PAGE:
Crowds of people waved photos of the reclusive cleric, dancing and shouting, following Friday prayers in Sadr City, a Shi’ite stronghold in northeastern Baghdad.Several men burned a red, white and blue flag as they pledged support for the reclusive Sadr.

“We all support you, Sayyid Moqtada! We are your soldiers!” they shouted, addressing Sadr by a title of respect.

In the southern holy city of Najaf, several hundred protesters turned out for a parallel protest. “No, no to occupation!” read one banner.

Late last month, Sadr extended indefinitely a ceasefire for the Mehdi Army, the feared militia that until a government crackdown earlier this year controlled Sadr City and swathes of southern Iraq.

The cleric, who is believed to be holed up in the Iranian city of Qom, has asked the bulk of his followers to dedicate themselves to helping poor Shi’ites and countering western influence in Iraq. He also ordered Friday’s protests.

The question as violence drops sharply across Iraq is whether the bulk of Sadr’s militia will obey orders to put down their arms.

In Sadr City, Imam Muhenned al-Moussawi addressed the thousands of men and boys gathered for prayers under the blistering summer sun.

“Everybody knows that the goals of American wars are commercial. They use war to drain desperate nations economically and socially,” he told the crowd.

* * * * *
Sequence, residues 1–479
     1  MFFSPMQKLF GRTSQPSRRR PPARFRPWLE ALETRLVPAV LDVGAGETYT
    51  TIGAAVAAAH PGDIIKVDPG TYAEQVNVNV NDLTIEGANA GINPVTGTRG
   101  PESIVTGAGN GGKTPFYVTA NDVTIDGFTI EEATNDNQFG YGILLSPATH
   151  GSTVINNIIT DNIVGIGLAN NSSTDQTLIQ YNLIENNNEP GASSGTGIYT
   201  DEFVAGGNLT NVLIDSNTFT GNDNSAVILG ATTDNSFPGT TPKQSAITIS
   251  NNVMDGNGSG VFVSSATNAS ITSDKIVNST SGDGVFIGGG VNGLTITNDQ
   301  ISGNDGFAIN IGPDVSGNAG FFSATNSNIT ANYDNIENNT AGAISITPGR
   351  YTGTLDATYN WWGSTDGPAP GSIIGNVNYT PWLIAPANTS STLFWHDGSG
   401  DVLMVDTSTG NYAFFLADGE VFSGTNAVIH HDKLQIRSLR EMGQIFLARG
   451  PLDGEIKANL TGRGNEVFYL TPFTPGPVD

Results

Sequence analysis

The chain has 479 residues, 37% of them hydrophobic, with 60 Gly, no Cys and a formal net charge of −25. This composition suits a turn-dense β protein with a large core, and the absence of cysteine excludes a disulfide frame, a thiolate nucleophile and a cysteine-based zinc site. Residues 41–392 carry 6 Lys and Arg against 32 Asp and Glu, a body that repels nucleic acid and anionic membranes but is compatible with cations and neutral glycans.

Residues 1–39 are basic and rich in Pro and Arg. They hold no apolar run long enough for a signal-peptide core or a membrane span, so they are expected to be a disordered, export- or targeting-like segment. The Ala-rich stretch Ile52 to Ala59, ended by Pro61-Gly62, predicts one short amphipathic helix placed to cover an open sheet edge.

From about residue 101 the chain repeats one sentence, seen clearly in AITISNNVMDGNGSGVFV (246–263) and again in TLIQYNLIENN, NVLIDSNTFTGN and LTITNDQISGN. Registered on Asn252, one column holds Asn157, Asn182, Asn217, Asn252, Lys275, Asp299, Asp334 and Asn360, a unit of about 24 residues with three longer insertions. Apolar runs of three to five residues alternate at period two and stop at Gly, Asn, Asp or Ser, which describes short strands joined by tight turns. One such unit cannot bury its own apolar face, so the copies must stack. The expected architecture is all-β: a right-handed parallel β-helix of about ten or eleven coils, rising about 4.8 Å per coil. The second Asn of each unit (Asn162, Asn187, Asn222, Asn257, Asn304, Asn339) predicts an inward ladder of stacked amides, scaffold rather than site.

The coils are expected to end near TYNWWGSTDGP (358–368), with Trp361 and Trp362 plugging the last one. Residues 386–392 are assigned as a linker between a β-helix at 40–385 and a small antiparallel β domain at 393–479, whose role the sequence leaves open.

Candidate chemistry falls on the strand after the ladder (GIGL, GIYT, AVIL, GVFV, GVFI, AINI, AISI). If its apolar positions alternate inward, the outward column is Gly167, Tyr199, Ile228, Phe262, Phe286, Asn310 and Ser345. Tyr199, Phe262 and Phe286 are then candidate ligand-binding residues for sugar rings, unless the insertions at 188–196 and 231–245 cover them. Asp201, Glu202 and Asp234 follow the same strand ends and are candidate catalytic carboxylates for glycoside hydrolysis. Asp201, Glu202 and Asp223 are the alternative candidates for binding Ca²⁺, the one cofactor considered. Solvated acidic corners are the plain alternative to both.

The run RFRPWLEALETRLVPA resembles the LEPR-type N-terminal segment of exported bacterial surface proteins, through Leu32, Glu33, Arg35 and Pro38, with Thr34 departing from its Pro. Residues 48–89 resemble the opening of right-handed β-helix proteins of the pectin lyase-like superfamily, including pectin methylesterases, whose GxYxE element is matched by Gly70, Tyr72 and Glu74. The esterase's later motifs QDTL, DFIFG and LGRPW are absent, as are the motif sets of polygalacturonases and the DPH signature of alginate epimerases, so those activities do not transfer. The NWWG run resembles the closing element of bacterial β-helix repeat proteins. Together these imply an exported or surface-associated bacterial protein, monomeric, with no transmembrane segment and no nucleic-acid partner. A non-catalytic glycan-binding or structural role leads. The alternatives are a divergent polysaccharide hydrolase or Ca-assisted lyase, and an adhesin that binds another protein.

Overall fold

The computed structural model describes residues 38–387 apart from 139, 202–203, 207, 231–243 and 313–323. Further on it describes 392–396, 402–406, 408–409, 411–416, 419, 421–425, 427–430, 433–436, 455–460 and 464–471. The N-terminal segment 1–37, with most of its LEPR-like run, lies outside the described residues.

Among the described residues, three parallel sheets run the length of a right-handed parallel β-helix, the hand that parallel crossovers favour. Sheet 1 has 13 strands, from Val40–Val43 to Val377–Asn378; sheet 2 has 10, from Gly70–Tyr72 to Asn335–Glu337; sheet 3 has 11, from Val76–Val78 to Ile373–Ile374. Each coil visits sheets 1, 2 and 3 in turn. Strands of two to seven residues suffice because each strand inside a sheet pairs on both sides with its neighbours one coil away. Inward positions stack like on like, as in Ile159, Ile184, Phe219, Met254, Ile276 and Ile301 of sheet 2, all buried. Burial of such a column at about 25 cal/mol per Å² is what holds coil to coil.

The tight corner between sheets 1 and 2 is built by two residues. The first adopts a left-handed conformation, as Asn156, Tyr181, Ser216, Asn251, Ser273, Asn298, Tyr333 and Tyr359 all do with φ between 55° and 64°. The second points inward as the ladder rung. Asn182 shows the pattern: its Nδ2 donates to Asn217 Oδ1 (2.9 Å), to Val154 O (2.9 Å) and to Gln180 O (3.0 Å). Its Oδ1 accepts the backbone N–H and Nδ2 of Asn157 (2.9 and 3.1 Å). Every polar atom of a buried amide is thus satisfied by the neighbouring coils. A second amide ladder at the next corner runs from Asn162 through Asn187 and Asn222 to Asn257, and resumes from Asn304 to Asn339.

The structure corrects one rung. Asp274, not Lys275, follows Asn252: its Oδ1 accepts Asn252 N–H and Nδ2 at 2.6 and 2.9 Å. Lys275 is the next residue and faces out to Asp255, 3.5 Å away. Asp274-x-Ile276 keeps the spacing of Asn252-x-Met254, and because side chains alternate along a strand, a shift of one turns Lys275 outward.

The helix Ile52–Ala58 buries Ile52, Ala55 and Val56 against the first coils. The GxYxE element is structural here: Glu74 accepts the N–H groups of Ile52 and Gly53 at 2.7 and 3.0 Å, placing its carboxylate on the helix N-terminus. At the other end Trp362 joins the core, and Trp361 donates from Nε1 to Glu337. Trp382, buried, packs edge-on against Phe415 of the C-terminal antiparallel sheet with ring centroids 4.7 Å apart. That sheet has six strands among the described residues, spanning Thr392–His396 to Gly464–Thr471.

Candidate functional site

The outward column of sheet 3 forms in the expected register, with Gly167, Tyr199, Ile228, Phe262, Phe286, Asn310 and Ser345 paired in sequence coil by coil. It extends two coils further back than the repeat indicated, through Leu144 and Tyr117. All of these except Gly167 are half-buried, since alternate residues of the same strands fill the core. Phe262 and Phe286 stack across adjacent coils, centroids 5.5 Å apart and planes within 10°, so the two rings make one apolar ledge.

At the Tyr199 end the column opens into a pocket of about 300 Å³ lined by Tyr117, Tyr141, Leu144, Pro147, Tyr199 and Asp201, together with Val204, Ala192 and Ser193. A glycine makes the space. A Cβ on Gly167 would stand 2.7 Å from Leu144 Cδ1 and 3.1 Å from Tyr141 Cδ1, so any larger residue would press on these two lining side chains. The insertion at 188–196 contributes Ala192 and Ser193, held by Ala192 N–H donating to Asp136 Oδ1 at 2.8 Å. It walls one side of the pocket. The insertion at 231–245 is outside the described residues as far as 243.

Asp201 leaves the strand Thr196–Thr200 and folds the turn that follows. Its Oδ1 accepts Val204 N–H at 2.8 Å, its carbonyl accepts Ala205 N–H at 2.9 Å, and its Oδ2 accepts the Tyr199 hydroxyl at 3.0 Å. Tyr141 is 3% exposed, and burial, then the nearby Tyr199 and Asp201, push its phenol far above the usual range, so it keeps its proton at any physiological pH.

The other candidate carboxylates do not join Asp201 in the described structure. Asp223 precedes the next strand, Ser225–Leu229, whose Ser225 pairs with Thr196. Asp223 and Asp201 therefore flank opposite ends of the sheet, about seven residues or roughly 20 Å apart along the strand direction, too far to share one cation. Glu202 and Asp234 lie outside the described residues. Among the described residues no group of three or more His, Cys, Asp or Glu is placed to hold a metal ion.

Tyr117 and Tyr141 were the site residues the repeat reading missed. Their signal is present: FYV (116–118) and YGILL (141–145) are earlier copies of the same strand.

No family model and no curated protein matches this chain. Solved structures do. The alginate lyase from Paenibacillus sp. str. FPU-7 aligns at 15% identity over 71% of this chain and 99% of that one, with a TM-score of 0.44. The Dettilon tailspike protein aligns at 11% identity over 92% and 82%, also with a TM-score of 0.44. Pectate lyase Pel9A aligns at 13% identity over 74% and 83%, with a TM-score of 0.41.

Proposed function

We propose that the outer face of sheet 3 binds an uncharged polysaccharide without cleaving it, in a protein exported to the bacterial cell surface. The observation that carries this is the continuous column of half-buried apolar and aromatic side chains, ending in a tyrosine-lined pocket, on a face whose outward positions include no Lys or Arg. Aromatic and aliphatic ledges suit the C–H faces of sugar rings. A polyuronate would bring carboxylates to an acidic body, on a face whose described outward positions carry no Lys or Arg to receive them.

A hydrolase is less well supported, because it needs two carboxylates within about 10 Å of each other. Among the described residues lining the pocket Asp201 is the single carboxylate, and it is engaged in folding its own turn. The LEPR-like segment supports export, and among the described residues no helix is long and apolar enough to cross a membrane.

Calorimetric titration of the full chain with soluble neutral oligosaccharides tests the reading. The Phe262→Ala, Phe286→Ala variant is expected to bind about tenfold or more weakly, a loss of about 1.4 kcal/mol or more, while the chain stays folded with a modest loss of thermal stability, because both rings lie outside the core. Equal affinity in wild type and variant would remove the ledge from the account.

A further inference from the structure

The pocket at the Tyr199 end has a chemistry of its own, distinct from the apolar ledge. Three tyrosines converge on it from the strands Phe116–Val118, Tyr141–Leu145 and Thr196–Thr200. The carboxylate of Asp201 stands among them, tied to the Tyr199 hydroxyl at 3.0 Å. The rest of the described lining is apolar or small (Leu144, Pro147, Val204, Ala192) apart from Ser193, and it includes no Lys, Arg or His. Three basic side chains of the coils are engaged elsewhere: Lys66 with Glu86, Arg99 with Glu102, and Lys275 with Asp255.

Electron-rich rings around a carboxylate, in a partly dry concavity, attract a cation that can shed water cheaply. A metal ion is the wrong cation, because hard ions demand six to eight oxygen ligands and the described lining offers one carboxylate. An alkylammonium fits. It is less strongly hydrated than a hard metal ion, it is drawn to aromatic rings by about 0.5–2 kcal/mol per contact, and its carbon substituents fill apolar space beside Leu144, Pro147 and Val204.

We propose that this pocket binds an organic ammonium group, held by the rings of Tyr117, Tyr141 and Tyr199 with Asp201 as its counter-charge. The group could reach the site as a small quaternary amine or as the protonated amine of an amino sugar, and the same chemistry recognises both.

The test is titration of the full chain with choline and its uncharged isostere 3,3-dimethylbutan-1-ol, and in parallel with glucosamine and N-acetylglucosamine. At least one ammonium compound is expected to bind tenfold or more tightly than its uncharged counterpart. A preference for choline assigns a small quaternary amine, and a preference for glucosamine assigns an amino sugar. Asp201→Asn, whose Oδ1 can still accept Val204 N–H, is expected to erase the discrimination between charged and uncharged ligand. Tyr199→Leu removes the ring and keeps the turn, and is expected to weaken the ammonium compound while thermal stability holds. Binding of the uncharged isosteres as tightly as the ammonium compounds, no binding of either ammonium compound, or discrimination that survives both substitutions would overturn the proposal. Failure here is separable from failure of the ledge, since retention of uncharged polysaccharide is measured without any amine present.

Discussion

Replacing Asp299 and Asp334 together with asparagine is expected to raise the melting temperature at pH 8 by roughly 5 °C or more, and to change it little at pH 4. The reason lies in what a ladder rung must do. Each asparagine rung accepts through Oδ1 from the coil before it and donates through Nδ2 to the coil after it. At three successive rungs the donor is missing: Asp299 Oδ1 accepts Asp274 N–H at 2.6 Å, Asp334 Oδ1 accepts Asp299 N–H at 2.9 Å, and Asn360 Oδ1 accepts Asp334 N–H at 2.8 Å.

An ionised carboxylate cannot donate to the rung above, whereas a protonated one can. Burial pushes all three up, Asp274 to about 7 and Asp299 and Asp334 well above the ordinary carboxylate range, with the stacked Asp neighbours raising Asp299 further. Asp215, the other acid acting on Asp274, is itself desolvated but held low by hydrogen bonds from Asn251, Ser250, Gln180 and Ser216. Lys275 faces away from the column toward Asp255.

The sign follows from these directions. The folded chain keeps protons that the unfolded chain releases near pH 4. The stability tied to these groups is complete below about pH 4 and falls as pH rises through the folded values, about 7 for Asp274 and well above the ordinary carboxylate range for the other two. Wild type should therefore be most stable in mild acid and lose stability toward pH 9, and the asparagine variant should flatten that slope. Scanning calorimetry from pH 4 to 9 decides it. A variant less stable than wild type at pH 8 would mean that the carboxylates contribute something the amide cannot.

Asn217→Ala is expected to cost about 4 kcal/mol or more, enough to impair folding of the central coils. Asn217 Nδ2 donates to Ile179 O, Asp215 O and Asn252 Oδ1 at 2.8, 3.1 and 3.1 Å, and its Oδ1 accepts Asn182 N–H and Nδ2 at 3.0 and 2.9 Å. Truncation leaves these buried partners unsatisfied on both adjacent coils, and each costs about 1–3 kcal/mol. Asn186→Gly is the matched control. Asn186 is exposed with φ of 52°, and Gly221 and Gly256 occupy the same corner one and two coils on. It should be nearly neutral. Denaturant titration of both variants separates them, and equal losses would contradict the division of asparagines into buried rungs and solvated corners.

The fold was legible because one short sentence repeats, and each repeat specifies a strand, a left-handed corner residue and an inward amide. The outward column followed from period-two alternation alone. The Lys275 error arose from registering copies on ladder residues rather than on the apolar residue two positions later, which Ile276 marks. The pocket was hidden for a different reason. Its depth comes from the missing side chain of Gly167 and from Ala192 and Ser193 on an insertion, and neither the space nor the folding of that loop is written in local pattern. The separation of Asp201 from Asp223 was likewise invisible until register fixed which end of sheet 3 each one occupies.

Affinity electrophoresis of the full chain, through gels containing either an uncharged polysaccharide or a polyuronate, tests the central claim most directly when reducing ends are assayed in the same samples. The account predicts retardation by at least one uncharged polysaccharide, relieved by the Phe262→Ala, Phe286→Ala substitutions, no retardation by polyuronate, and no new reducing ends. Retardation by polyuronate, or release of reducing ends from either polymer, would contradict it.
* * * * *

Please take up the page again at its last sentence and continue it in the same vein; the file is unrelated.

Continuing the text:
The protests came as attention focused on the future of the U.S. troop presence in Iraq, and the Shi’ite-led government of Prime Minister Nuri al-Maliki sought assurances from Washington about gradually reducing its military activities in the country.

Pentagon sources said this week they were recommending the withdrawal of one combat brigade, 3,000 to 5,000 soldiers, in early 2009, a move that reflects both improving conditions in Iraq and growing needs in Afghanistan.

Reporting by Sattar Rahim in Baghdad; writing by Missy Ryan

© 2008 Reuters

Pakistan army to ask Pervez Musharraf to resign

August 9, 2008

Pakistan’s all-powerful army chief will ask President Pervez Musharraf to resign from office within a week, a senior government official claimed today.

Pakistan army to ask Pervez Musharraf to resign

President Pervez Musharraf gestures during a meeting: his resignation would avoid the humiliation of impeachment Photo: AP

The claim was supported by a former military aide to the president who said that the army’s leadership wished Mr Musharraf to be spared the humiliation of impeachment.

The civilian government intensified an attritional, seven-month long power struggle with the presidency when it announced earlier this week that it is to begin impeachment proceedings against Mr Musharraf on Monday.

The twin arbiters of power in Pakistan, the army chief of staff, Gen Ashfaq Kiyani, and America, which has provided dollars 12 billion in military aid to the country in the last six years, have publicly declared themselves to be neutral on Pakistan’s domestic politics.